Out on the street, the old regime comes back –either through the ballots or with boots…
The parallel between the Tunisian and the Egyptian revolutions has rightly been pointed out, for in a first period they have followed a similar path, motivated by nearly identical socio-economic velleities.
Probably, nearly five years later, the same parallel can be mentioned again, if one considers the involution of those two Arab springs. The disciplined Egyptian army had stamped out the revolution without much ado, with its studded, perfectly polished boots, whilst in Tunisia a rear-guard benalism has returned to power in the foggy unconsciousness of polling booths and thanks to the stunning inconsequence of the voters, re-establishing step-by-step a rampant autocracy and preparing to bring back to the country the sacrificed dictator’s old accomplices.
In Egypt it is obvious: the democratically elected president, who came from the ranks of the Muslim Brotherhood, has been overthrown by a junta of military officers and put into prison. Simultaneously, a judicial branch, following the orders of the new raïs, elected with scores worthy of Stalin, sentenced the former president to death, giving him the responsibility of massacres committed by others… those who now sit on the throne.
The unsuspicious populace is fed all day longby the media with lies, bigger than the royal yacht renovated on orders of the president on the occasion of the “Second Suez Canal” (which in itself is an absolutely prodigious lie). The population, 40% illiterate, applauds its new master with both hands, whilst hundreds of opposition members, kidnapped here and there, disappeared, “evaporated”, are tortured in the military prisons, or decompose slowly, filled with bullets, under a fine layer of sand.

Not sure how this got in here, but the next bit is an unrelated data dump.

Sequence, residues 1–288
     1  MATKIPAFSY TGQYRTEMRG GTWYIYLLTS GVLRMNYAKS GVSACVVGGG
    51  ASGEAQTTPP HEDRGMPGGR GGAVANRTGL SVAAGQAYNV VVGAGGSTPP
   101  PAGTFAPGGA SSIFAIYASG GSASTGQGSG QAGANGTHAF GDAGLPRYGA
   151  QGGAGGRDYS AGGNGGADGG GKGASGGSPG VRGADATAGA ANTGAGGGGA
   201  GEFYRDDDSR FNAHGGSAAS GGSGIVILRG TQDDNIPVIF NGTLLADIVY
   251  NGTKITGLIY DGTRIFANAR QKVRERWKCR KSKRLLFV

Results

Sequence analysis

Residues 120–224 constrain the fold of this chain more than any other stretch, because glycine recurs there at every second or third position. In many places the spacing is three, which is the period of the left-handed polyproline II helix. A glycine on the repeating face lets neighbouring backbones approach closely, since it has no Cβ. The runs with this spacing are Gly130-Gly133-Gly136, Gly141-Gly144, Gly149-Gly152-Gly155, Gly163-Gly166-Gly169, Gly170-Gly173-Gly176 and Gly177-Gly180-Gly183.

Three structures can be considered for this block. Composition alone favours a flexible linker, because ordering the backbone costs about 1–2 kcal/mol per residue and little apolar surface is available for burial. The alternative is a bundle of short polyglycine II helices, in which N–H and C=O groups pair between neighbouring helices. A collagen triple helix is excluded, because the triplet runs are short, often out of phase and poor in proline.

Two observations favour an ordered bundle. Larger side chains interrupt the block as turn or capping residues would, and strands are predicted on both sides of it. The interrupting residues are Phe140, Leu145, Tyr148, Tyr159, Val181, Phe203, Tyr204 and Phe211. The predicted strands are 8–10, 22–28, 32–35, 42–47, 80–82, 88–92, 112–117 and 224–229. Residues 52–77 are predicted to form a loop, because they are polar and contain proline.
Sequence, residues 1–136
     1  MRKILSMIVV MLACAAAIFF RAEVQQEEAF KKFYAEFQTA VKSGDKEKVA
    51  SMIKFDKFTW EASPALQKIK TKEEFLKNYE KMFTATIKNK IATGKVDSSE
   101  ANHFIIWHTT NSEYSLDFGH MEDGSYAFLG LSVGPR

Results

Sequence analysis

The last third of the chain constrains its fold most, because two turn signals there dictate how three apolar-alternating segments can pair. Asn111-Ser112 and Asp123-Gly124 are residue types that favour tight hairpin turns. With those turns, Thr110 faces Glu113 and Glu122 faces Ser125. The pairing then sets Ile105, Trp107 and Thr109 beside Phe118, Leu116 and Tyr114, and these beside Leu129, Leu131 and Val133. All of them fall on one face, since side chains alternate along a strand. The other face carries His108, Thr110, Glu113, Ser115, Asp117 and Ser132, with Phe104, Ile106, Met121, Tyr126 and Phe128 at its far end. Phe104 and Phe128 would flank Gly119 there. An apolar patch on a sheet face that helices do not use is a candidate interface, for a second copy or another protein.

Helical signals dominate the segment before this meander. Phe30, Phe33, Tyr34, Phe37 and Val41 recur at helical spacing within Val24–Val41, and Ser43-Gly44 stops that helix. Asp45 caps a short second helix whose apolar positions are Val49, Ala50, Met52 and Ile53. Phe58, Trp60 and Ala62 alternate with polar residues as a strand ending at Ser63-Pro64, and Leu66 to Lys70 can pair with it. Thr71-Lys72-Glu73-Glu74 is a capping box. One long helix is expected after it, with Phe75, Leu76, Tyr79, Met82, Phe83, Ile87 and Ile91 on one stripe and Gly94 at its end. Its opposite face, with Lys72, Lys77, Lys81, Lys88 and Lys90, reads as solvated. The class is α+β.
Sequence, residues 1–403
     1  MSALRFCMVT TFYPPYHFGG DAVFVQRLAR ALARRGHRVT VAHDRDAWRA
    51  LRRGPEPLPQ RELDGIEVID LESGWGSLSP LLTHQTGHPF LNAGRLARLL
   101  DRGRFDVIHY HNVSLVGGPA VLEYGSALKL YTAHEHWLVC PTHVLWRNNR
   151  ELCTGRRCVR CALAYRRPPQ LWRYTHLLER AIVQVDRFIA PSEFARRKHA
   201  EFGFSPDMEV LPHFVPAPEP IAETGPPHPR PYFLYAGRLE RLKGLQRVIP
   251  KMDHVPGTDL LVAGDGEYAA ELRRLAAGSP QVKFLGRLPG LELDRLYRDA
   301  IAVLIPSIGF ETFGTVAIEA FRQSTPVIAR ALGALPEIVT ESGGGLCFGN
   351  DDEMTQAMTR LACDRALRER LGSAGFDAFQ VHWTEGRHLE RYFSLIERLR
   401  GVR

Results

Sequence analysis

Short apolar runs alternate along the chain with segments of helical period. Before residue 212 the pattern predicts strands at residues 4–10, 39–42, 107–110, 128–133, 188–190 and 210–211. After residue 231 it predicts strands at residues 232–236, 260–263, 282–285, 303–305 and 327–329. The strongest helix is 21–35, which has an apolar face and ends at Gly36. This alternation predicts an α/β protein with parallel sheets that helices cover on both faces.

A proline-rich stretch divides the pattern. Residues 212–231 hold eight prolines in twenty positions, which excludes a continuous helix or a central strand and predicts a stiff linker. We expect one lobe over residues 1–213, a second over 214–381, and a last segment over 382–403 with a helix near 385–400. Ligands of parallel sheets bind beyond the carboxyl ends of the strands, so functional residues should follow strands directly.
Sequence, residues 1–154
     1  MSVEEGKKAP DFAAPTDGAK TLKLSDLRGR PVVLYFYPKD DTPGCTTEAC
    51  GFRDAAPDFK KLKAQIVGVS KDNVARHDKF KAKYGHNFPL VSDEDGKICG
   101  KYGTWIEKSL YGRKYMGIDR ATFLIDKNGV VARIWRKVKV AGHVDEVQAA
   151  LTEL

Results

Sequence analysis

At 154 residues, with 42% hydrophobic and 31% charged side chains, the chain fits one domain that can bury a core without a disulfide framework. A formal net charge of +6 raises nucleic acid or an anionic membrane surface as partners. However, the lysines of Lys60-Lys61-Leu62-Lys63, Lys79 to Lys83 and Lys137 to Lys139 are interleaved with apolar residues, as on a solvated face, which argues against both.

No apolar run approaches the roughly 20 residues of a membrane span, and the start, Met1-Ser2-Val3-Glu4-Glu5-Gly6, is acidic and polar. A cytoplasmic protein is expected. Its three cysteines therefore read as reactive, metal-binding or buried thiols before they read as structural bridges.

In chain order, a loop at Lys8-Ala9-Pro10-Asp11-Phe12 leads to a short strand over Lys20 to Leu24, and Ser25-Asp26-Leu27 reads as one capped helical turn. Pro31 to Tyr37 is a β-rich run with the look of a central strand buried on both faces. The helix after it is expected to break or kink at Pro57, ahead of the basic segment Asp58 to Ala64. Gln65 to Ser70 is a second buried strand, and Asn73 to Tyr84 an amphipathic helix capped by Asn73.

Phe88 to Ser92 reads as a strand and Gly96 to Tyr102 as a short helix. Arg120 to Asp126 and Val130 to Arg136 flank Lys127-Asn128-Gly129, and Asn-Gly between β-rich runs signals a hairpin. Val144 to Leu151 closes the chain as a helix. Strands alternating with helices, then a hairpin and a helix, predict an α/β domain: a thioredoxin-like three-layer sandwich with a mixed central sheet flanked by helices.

What else is there to do than to entrust a body to the oblivion of the nearby desert, when it has been damaged so badly by torture that it cannot be given back to its family?
All opposition media are prohibited, the political movements hostile to the military coup are inscribed on a list of terrorist organisations, the right to demonstrate has been repealed… and the police has received orders not to file declarations of disappearances…
The raïs and the army, who have taken the executive power by force, exert real terror on the judicial branch, so that no Magistrate dares to derogate the verdicts, pre-established by the palace. As for the legislative branch… It is simply absent: the parliament has been dissolved and no longer exists, the army governs through decrees… Some might wonder if they dreamed those days in January 2011 and all the euphoria that was spread in those days on Tahrir square.
The return to the old regime is conducted with more subtlety in Tunisia, where since July people live under the state of urgency, decreed by the president, following the attacks of the Bardo museum and the beach in Sousse.
It is indeed more skilfully handled, given the degree of education of the Tunisian population – by far above that of the Egyptian one – and hence the power resorts to emotions.